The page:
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Russia seeks closer energy links with Qatar: minister

Highlights

Sanctions driving Russian bid for market diversification

Russia also seeking closer cooperation with Indian, Chinese partners

  • Author
  • Rosemary Griffin
  • Editor
  • Kshitiz Goliya
  • Commodity
  • Coal LNG Natural Gas Oil
  • Tags
  • United States
  • Topic
  • War in Ukraine

Russian foreign minister Sergei Lavrov said March 14 that Russia wanted to increase energy cooperation with Qatar.

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Russia is looking to increase energy links with alternative partners after the US and European governments moved to drastically reduce cooperation with Russia, following its invasion of Ukraine.

"We have good prospects and a common interest in continuing coordination on the global energy market, including within the framework of the Gas Exporting Countries Forum," Lavrov said at a press conference in Moscow following talks with his Qatari counterpart.

In addition to the GECF, Russia's existing energy cooperation with Qatar includes the Qatar Investment Authority's 18.46% stake in Russia's largest crude producer Rosneft.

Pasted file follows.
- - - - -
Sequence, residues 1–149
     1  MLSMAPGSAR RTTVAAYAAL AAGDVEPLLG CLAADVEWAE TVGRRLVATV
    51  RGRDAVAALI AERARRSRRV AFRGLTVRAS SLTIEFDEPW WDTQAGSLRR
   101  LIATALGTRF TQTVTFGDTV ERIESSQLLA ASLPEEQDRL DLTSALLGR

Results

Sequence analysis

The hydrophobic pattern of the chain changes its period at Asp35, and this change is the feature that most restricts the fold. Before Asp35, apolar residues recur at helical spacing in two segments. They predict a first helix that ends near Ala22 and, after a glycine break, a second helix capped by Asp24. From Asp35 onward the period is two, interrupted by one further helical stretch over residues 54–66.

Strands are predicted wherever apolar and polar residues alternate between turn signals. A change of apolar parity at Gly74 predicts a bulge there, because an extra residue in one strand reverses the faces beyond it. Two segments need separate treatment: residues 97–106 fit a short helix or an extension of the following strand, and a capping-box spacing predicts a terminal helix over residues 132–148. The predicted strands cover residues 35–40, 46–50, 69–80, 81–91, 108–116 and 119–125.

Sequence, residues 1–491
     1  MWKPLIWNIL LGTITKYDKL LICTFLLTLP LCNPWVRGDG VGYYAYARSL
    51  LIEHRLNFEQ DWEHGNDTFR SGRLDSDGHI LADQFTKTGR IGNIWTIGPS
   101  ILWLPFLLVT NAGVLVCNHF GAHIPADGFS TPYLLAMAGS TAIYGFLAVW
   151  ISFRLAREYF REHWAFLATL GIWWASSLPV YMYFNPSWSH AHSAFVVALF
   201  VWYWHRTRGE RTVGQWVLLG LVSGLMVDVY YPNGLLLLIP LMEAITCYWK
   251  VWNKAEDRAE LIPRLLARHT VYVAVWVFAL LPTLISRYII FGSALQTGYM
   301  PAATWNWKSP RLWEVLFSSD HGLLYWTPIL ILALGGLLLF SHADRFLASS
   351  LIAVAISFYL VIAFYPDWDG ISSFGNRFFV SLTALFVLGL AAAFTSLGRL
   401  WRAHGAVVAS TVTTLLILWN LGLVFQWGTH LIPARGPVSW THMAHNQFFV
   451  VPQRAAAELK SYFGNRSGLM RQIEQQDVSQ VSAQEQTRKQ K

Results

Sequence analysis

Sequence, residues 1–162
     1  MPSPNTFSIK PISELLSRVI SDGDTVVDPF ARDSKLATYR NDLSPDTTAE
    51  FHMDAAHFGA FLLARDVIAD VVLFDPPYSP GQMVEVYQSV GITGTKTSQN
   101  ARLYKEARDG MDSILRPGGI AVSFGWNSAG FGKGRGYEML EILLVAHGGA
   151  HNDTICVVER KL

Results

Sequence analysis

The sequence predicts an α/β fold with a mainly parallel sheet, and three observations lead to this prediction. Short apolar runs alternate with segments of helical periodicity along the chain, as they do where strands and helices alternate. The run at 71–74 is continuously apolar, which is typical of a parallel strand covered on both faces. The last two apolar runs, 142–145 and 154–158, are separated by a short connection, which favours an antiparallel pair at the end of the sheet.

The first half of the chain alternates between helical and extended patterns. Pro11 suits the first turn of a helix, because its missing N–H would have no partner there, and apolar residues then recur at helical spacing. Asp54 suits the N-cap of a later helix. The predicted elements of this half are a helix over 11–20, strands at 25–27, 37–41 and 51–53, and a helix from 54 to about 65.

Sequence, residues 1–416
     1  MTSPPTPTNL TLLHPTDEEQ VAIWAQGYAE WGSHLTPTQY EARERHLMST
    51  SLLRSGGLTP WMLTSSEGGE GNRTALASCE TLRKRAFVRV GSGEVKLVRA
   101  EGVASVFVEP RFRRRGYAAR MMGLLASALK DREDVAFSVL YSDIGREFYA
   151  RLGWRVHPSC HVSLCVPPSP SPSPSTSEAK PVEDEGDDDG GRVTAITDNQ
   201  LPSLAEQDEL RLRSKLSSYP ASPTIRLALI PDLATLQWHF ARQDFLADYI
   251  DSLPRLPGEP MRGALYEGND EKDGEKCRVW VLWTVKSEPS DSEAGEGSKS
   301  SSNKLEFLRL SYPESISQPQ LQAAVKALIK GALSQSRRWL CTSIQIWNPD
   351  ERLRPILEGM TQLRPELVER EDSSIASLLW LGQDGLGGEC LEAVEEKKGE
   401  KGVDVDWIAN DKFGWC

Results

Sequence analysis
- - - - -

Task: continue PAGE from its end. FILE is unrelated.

Both countries also played a key role in establishing the OPEC+ crude production agreement in December 2016, before Qatar left OPEC in 2018.

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Since tensions began to rise over Ukraine at the start of this year, Russia has signed a 10 Bcm/year gas supply deal as well as a crude supply deal for over 100 million mt/year over 10 years with Chinese partners.

Russian deputy Prime Minister Alexander Novak also said March 10 that Russia is looking to increase oil exports to India.

Analysts see Asian investors as key potential partners for Russia as it responds to Western companies exiting projects and reducing energy imports.

Following the Russia invasion on Feb. 24 the US has banned imports of Russian oil, LNG and coal.

The UK has said that it is aiming to phase out imports of Russian crude oil and oil products by the end of 2022, and the EU is aiming to make Europe independent from Russian fossil fuels well before 2030.

Western oil and gas companies have also announced plans to exit some upstream projects and stakes in Russian companies.